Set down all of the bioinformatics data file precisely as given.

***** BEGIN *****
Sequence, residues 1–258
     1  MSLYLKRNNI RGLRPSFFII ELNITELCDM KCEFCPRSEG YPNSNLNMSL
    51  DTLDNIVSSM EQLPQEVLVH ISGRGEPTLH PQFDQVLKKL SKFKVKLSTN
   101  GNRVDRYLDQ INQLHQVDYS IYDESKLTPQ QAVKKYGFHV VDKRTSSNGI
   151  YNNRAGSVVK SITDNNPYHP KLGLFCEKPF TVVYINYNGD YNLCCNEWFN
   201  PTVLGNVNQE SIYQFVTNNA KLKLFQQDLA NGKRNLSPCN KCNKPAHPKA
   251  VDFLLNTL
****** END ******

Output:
Sequence, residues 1–258
     1  MSLYLKRNNI RGLRPSFFII ELNITELCDM KCEFCPRSEG YPNSNLNMSL
    51  DTLDNIVSSM EQLPQEVLVH ISGRGEPTLH PQFDQVLKKL SKFKVKLSTN
   101  GNRVDRYLDQ INQLHQVDYS IYDESKLTPQ QAVKKYGFHV VDKRTSSNGI
   151  YNNRAGSVVK SITDNNPYHP KLGLFCEKPF TVVYINYNGD YNLCCNEWFN
   201  PTVLGNVNQE SIYQFVTNNA KLKLFQQDLA NGKRNLSPCN KCNKPAHPKA
   251  VDFLLNTL